RedBeanPHP is actively developed by a community of open source developers.
This roadmap can change every moment but my plan for RedBeanPHP is pretty simple. As of version 4.0 RedBeanPHP has reached full maturity. Therefore I do not intend to add many more features because that would only make the library bloated, instead I will focus on maintenance, fixing bugs (if there are any ;) ), improving performance, testing and maybe add some convenience methods here and there.
We are currently beta testing version 4.2
RedBeanPHP 4.3 (October 2015)
- Compatibility with PHP 7 (ongoing)
- Refactor Replica build script to use native PHP arrays instead of XML
- Support for Firebird/Interbase databases*
- Improving documentation
- Regular maintenance & clean up
- More tests
RedBeanPHP 4.4, 4.5 and beyond...
- Support for more open source databases...*
- Maintenance, testing and clean-up...
- Keeping RedBeanPHP up-to-date...
* Supporting new databases is quite an undertaking. Please do not rely on this schedule for future database support. Supporting a new database is always tricky and may take more time than expected. My intention is to implement support for lots of database platforms, however I do not have much time so I can't promise anything. Anything regarding database support in this schedule must be regarded as mere intentions, nothing more.
The release cycle of RedBeanPHP is two times a year; a spring release and an autumn release. This means every six months there will be a new version of RedBeanPHP.
- Spring Beta release: March
- Spring Final release: April
- Autumn Beta release: September
- Autumn Final release: October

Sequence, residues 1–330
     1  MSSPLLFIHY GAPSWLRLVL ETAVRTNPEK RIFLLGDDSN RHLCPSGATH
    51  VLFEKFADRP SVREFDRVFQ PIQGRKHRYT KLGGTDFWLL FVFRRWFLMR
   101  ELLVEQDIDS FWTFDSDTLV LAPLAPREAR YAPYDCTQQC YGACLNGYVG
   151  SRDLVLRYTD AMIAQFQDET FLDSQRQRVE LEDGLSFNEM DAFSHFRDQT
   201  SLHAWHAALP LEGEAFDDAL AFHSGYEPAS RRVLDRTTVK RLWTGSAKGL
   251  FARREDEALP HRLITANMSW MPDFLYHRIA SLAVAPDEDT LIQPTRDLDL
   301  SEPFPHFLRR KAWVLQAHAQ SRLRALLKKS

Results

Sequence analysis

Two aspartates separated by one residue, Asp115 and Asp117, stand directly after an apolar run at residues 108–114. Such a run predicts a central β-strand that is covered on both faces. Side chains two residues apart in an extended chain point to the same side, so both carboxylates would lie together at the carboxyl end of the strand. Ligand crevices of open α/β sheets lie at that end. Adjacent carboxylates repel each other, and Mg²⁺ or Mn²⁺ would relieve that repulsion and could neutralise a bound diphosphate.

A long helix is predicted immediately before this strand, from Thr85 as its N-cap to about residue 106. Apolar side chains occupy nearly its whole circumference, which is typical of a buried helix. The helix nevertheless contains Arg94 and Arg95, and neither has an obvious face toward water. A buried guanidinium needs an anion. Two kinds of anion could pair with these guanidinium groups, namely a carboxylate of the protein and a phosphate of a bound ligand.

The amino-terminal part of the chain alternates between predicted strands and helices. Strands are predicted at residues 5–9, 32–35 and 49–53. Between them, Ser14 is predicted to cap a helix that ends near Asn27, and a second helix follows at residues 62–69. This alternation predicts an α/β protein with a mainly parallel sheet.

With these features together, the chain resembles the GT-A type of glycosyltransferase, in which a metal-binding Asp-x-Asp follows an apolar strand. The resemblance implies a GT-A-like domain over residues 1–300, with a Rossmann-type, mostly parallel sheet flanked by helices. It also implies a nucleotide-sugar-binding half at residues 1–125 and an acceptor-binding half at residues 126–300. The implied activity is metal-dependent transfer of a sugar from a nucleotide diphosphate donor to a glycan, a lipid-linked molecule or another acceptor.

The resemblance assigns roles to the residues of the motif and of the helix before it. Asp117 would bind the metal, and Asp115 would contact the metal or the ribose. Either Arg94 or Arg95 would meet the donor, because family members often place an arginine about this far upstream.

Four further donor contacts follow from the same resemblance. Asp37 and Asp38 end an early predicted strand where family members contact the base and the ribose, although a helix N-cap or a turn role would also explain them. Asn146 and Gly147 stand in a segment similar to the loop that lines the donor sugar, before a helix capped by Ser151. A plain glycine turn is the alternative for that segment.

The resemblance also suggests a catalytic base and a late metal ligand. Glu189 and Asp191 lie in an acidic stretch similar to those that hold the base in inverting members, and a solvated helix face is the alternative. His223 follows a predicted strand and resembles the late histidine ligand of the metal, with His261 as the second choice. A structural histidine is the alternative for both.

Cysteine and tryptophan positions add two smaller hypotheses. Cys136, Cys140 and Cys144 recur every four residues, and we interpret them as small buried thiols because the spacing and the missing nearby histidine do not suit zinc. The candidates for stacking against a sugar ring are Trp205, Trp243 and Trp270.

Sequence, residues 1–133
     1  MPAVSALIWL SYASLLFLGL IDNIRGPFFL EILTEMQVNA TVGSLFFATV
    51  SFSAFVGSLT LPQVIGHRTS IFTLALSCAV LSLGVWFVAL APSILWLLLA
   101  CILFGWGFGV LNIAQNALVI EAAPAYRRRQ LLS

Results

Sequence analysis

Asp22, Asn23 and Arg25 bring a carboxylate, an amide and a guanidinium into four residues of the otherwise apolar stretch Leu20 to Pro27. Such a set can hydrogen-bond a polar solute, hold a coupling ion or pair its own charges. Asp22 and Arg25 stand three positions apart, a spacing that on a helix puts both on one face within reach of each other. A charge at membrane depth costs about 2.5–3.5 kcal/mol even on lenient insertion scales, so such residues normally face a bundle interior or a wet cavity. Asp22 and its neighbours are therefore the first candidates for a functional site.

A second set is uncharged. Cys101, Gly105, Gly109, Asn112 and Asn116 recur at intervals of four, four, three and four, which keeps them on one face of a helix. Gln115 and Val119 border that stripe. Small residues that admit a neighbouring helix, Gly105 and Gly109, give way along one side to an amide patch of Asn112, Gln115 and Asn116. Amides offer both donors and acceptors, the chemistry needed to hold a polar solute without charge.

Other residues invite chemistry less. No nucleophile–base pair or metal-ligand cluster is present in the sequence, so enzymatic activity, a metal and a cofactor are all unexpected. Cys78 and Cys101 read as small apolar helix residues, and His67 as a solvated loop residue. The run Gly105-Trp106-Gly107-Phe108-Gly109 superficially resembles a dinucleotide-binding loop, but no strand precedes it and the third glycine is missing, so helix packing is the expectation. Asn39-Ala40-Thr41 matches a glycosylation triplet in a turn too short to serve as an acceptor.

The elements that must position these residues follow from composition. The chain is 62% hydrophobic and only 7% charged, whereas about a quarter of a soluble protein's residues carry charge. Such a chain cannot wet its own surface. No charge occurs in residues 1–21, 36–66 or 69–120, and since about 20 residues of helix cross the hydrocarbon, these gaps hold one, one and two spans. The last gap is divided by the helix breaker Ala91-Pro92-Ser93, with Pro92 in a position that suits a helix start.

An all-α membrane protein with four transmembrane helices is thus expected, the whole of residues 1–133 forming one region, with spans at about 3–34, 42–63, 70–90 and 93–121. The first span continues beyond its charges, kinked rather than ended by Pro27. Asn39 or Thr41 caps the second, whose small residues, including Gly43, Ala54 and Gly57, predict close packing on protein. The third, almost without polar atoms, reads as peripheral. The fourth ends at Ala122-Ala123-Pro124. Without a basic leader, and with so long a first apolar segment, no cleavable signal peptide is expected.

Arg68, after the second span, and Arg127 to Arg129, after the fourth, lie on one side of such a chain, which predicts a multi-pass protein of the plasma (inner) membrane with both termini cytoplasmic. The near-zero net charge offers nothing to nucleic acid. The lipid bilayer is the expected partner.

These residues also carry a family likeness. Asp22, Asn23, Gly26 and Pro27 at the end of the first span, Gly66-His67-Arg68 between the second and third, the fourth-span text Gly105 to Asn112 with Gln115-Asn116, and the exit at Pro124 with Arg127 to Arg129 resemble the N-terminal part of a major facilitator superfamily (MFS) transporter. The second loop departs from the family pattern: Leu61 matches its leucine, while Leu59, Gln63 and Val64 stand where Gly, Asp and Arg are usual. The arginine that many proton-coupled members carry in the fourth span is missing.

RedBeanPHP uses a very sane version numbering system. The version number tells you something about the version; it has meaning. All RedBeanPHP versions have a version number. The version number consists of three parts; major, minor and point release.Version X.X.X
When the major version number increases, this means the new version is NOT backward compatible with all previous versions. Most of the time this means you better not use it in your current project if you are already using RedBeanPHP or you might have to make some changes to the project to make it work with the new version of RedBeanPHP. This is not always as bad as it sounds. For instance version 3 is not backward compatible with version 2, but only if you use the optimizers (which by default are turned off). So while this is a major version bump it's actually not that bad. However, while difference between 2 and 3 is relatively small, the gap between 1 and 2 was a really big one. Anyway whenever the major version number changes make sure you check the changelog to determine whether you can upgrade or not.
A minor version change means new features! Minor versions don't break backward compatibiltity, they just mean new features have been added. Often, this goes hand in hand with changes in documentation or bugfixes. Therefore it's relatively safe to do a minor upgrade. Be sure though to check the changelog on the website. You might be able to take advantage of the new features!
A point version or point release happens when the last digit has been increased. Note that although you might assume a digit normally varies from 0-9, you might encounter minor and point releases like X.X.12 or X.30.X. Not sure if this will happen, however as RedBeanPHP matures you will see less major upgrades and more minor upgrades and point releases. A point release version is normally a maintenance version. This may include bugfixes, new tests, documentation changes or just some code cleanup. While it's always a good idea to scan the changelog most of the time you can be pretty sure there are no compatibility issues nor interesting new feature. Of course if you have reported an issue the point release can be quite interesting because the bug might have been fixed. In this case, the Github bug report number and the fix will be mentioned in the changelog.